Ranieri later admitted he felt he would have been ‘crucified’ if his substitution had backfired, and, one minute after the restart, the coach must have been contemplating such an outcome as Lazio were awarded a penalty. As it happened, Sergio Floccari’s spot-kick was tame and Roma goalkeeper Júlio Sérgio earned his manager a stay of execution with a save down at his right-hand-side.
Six minutes later, Roma had a penalty of their own after Taddei was clipped in the box by Aleksandar Kolarov, who would go on to join Roma later in his career. With Totti and De Rossi on the side-lines, Mirko Vucinic took on the responsibility in front of Roma’s Curva Sud. The Montenegrin made no mistake, slamming his penalty past Fernando Muslera in the Lazio goal.
Roma sensed blood and struck Lazio while they were down. If Muslera had little chance with Vucinic’s penalty, the Uruguayan goalkeeper had even less hope when a ferocious free kick from the Montenegrin thundered past him and into the Lazio net 10 minutes later.
Vucinic’s explosive second half performance was enough to seal the victory for Roma and, with four games to go, they were, quite incredibly, in pole position in the race for the Scudetto. As the players – including Totti and De Rossi, who raced onto the park at the final whistle – celebrated, one can only imagine the range of emotions that must have been swirling around Claudio Ranieri’s head.
As has so often been the case when it comes to Roma, elation didn’t last. This is a story that would, quite literally, end in tears.
Mexes & Roma cry
Unless you are born and raised as a child of the eternal city, it’s claimed that it’s difficult to fully understand and appreciate the Roman mindset. If one non-Roman has come close to embodying the passion and spirit of the city over the past two decades, it has to be Philippe Mexes. Since his arrival in 2004, the French defender had given his all to the club. His high intensity defending, and outward displays of emotion earned the adulation of the Giallorossi faithful. Of course, and in keeping with his surroundings, Mexes’ passion would often boil over – he was sent off six times in his Roma career. When the moments of madness occurred, it was usually a result of Mexes caring. Maybe he cared too much?
Perhaps the most defining image of Roma’s rollercoaster 2009/10 campaign was the sight of Mexes in tears as Roma faced Sampdoria the week after the Lazio victory. The visit of Sampdoria was arguably Roma’s toughest looking game of the league run-in, but Francesco Totti settled the nerves with a goal after 14 minutes and Roma led 1-0 at the break. Shortly after the restart, former Roma favourite Antonio Cassano provided a pin-point cross for strike partner Giampaolo Pazzini to head past Júlio Sérgio in the Roma goal. The Giallorossi threw everything at the visitors in search of a winning goal but were stunned when Pazzini added a late second for Sampdoria.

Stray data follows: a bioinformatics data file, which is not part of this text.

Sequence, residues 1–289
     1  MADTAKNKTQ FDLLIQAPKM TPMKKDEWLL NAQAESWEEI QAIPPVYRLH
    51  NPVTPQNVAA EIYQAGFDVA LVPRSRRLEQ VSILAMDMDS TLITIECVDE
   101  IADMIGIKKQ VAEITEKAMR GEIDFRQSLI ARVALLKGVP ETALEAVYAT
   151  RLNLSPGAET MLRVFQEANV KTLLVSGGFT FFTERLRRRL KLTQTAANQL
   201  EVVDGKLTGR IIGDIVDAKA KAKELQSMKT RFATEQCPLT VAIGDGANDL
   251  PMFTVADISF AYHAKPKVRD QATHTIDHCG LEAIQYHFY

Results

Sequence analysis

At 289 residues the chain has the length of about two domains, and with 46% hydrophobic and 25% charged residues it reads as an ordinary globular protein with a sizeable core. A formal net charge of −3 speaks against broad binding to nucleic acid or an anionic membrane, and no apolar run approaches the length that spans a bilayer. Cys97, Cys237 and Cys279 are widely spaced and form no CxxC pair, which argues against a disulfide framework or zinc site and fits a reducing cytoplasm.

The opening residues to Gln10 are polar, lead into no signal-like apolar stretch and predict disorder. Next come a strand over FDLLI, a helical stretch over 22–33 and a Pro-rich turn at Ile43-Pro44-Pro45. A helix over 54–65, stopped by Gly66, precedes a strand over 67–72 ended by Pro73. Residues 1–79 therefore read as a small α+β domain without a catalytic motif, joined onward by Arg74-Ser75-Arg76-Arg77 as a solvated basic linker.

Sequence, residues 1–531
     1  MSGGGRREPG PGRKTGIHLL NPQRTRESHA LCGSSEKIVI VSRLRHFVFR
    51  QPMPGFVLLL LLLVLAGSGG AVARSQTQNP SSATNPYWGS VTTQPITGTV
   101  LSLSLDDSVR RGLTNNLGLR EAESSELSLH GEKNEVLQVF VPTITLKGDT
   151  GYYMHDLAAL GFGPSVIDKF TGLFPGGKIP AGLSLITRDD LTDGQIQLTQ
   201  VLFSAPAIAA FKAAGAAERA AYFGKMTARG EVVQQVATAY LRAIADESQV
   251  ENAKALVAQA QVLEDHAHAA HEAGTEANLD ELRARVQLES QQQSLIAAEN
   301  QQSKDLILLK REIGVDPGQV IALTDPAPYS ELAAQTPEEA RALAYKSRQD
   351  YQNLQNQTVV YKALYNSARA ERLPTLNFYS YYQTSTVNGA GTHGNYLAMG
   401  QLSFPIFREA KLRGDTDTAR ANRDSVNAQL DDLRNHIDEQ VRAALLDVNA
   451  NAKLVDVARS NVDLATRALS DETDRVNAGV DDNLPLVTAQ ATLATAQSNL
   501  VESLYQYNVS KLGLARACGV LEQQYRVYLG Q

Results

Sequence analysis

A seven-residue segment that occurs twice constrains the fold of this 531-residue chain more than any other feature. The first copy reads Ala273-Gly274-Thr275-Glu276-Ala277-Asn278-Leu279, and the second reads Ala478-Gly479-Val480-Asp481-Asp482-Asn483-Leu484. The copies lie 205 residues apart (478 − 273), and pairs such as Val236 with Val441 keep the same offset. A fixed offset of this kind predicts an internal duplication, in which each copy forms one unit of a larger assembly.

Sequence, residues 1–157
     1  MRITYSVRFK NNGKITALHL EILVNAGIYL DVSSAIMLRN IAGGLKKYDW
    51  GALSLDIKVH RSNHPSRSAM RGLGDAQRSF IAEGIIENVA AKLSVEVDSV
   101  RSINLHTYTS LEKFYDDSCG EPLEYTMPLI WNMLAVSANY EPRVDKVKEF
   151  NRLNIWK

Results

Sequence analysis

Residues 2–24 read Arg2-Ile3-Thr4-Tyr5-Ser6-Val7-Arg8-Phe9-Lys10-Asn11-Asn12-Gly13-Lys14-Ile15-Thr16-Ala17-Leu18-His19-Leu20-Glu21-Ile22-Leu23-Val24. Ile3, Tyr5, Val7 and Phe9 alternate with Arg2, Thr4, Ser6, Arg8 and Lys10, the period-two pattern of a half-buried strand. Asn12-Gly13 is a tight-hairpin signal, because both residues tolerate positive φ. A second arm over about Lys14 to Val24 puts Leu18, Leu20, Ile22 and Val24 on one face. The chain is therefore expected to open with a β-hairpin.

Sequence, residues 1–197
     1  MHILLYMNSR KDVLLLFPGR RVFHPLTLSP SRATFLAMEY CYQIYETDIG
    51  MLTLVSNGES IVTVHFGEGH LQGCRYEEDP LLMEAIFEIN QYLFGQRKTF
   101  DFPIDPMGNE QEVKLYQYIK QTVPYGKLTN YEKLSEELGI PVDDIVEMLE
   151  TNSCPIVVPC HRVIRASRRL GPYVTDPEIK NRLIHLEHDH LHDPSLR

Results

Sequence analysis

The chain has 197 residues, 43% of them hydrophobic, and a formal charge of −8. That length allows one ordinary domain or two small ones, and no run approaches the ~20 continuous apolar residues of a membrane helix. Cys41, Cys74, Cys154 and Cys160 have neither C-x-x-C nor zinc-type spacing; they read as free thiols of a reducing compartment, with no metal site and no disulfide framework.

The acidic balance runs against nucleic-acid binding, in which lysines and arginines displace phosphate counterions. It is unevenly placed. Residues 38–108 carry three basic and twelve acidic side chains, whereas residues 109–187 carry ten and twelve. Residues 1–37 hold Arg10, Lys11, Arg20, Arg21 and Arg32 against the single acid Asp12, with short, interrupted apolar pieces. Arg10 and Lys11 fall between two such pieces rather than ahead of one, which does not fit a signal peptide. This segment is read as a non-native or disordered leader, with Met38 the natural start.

As the Olimpico fell silent, the cameras cut to substitute Mexes, who was sitting on the bench with tears rolling down his cheeks. The agony of defeat and the realisation that the Scudetto dream was crumbling before his eyes, was too much for the Frenchman to take.
Despite an incredible run of form – losing only one match in 28 after the first 10 games of the season – Claudio Ranieri’s Roma had to settle for the all too familiar role of Serie A bridesmaid; the Giallorossi finished an agonising two points behind Mourinho’s Inter Milan. On the same weekend Roma had lost to Sampdoria, Inter defeated Atalanta and regained top spot. Both Inter and Roma took maximum points from their final three matches. The final day of the season shared more than a passing similarity with the closing day of the 07/08 campaign. Once again, both Roma and Inter faced away fixtures – at Chievo and Siena respectively – and, once again, the Giallorossi led the table at half-time only to have their hopes dashed in the second half. With Roma 2-0 up and cruising in Verona, Diego Milito’s goal in the fifty-seventh minute sealed victory and the Scudetto for Inter.
Milito, a striker who excelled under Mourinho and would go on to score both goals as Inter beat Bayern Munich 2-0 in that season’s Champions League final, had already broken Roma hearts when he scored the only goal as Inter defeated the Giallorossi in the Coppa Italia final on 5 May. The final had ended on a sour note for Francesco Totti: the Roma captain was sent off in the closing stages for a violent kick at Inter’s Mario Balotelli.
But if it happens…
During the second half of the 2009/10 season, as Ranieri’s side looked like they may just achieve something spectacular, Roma fans adopted the mantra, ‘non succede, ma se succede…’ (it won’t happen, but if it happens…). The phrase encapsulates both sides of life in Rome and the aspirations of Roma. It’s just not meant to be, it will happen to somebody else instead. But the day it does happen, there will be a party that nobody is ever likely to forget.
Words by: Martin Dunlop. @dunlop85